Workers’ compensation is designed to protect employees if they suffer an injury and are unable to work and collect a normal paycheck. It’s a system that protects full-time employees, but what about those who work in a part-time or seasonal capacity? In today’s blog, we explain if part-time employees are covered by workers’ compensation insurance, and how you can go about collecting compensation if you are hurt at your part-time job.
Work Comp For Part-Time Employees
We’ll cut right to the chase. In the vast majority of cases, part-time employees are entitled to receive compensation for their injuries. As long as the injury occurred on the clock or while the employee was performing their work duties, it’s doesn’t matter if they work 10 hours a week or 35 hours a week, if they are employed as a part-time employee and have taxes withheld from their paycheck, they can almost always collect workers’ compensation for on-the-job injuries.
As you might imagine, there are some exceptions. One such exception is if the employee is actually classified as an independent contractor. We’ll talk more about that in-depth below, but other employees who may not be eligible for workers’ compensation, even if they work in a part-time capacity, include:
- Self-employed proprietors with no employees
- Spouses, parents or children of the employer (situationally dependent)
If you meet any of those criteria, you may not be eligible for workers’ compensation, but it never hurts to speak with a workers’ compensation lawyer to see if you have a case.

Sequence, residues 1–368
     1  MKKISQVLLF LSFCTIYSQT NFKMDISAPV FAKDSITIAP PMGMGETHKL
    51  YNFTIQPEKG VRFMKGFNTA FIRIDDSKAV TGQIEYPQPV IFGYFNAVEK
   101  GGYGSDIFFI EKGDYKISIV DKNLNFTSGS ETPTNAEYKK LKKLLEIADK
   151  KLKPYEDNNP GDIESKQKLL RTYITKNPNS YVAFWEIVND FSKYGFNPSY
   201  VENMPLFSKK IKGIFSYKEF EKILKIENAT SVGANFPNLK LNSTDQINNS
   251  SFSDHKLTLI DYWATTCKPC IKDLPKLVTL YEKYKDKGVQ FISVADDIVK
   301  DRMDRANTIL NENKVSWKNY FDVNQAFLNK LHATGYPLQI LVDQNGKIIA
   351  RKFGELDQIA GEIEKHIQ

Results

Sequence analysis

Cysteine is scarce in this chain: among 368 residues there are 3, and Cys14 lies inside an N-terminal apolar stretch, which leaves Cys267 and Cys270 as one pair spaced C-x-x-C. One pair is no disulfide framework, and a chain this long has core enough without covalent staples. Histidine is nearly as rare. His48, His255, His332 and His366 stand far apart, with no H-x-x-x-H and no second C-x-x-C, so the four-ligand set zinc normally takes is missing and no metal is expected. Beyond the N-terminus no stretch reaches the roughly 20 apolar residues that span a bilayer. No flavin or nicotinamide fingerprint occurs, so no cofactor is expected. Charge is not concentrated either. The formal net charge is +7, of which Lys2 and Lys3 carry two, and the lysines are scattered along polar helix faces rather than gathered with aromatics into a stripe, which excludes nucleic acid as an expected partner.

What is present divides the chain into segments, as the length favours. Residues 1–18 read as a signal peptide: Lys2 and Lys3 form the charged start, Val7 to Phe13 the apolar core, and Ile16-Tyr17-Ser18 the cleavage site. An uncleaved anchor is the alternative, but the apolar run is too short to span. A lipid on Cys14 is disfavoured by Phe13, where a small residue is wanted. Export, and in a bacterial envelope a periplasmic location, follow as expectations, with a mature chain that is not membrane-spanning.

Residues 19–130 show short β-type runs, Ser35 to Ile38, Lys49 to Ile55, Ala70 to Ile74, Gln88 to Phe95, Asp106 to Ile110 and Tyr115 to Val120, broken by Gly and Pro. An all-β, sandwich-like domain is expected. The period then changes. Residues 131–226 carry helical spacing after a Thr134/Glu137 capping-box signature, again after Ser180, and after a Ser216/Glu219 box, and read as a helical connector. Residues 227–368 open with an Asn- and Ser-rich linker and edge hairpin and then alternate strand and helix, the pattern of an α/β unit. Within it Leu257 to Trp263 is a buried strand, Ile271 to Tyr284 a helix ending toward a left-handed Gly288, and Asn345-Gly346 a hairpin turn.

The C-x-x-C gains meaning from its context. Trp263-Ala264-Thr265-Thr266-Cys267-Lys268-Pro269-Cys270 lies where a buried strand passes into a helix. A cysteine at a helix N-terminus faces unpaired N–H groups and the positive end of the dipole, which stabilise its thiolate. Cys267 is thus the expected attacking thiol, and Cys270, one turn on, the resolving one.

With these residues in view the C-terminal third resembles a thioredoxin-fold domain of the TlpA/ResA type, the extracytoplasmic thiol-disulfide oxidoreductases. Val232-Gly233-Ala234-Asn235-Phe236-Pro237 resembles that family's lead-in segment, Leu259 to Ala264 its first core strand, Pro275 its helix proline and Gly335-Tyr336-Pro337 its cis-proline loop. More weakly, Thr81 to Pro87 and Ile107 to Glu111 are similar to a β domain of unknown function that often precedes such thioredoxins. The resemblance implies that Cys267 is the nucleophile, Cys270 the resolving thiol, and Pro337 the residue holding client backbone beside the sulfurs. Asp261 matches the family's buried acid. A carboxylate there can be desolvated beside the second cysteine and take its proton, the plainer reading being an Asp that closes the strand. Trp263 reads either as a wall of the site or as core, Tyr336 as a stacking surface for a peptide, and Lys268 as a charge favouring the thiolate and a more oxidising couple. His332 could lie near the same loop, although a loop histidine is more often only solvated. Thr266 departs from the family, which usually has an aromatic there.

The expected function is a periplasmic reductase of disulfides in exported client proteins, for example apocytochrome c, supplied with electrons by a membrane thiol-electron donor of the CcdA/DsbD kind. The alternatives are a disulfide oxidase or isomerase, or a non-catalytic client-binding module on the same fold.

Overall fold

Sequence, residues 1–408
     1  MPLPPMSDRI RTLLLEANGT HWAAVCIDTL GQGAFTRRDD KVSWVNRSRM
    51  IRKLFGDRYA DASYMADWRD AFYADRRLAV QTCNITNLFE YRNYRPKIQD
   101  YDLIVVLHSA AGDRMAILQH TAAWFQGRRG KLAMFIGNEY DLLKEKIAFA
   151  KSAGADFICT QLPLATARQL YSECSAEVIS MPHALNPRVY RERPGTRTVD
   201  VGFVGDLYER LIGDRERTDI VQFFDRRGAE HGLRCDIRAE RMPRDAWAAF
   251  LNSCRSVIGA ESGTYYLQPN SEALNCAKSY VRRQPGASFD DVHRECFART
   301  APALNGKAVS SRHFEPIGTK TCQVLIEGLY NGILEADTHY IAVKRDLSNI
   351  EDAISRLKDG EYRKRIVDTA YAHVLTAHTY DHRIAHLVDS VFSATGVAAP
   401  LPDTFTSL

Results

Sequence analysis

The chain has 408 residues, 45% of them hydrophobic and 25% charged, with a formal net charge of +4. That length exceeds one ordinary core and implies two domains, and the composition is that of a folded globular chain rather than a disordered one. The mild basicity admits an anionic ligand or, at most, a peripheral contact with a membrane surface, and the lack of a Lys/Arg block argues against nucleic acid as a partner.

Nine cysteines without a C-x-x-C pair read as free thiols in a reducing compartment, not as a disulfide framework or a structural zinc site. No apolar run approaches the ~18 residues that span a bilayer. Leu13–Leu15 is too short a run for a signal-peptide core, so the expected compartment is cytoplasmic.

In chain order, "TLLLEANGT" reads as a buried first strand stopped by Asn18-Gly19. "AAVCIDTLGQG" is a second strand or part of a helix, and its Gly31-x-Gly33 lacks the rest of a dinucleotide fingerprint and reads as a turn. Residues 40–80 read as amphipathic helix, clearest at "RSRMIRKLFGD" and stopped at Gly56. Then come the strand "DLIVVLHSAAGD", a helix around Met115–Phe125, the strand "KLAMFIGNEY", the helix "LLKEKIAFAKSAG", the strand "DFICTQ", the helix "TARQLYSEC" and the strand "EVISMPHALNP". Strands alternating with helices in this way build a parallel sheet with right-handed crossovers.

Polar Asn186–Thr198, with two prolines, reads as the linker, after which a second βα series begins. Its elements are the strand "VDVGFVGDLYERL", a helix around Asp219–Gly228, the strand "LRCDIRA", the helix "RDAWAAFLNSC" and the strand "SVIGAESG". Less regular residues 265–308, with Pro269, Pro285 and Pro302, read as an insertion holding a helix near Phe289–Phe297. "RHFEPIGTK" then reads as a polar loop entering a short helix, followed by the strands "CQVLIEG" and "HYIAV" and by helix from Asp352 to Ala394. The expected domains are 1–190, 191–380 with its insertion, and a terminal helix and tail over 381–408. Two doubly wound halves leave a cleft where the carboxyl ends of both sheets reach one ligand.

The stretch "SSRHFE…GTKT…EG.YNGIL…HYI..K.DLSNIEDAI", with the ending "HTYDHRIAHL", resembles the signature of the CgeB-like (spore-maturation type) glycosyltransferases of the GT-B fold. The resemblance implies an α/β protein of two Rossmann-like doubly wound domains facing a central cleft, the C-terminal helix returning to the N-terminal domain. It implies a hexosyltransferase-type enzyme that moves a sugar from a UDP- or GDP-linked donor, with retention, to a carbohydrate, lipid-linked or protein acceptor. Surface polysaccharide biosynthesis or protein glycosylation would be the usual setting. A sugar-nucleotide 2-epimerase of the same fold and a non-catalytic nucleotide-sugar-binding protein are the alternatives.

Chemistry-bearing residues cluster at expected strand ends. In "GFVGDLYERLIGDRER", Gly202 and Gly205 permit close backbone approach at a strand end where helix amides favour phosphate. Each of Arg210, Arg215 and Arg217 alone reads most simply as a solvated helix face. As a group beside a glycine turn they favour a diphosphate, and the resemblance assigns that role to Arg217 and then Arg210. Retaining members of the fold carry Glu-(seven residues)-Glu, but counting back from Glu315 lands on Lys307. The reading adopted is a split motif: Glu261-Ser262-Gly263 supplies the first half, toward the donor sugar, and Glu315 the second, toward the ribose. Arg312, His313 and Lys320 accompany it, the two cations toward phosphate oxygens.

Independent Contractors And Workers’ Compensation
If you are actually classified as an independent contractor, you may not be eligible for workers’ compensation if you are injured during the commission of your work duties. We talk a little more in-depth about independent contractor classification on this blog, but there are a few simple tests that you can apply to your situation to help determine if you are an employee or an independent contractor. For example, if you can say yes to any of the following conditions, you may in fact be an independent contractor:
- You may make a profit or take a loss based on the contract and services you perform.
- You bring their own equipment to the job site.
- The success or failure of their business depends on your receipts compared to your expenditures.
- You are responsible for the satisfactory completion of services based on the contract.
- You hold or have applied for a federal employer identification number.
- You are incurring the main expenses for the services you perform.
These are just a few of the factors that help to establish whether or not you’re an employee or an independent contractor, but again, it’s in your best interest to speak with a workers’ compensation attorney to confirm that you have a valid case.
Don’t let your boss or management tell you that you are ineligible to file for workers’ compensation because you are a part-time employee or you’re mistakenly classified as an independent contractor or volunteer. If you are injured during work for which you are being compensated, there’s a good chance that you’re in fact eligible for workers’ compensation. Don’t let your employer tell you differently without first connecting with an injury lawyer.
For more information, or to talk to a lawyer to see if you may have a case, reach out to Dean and the team at Margolis Law Firm today.
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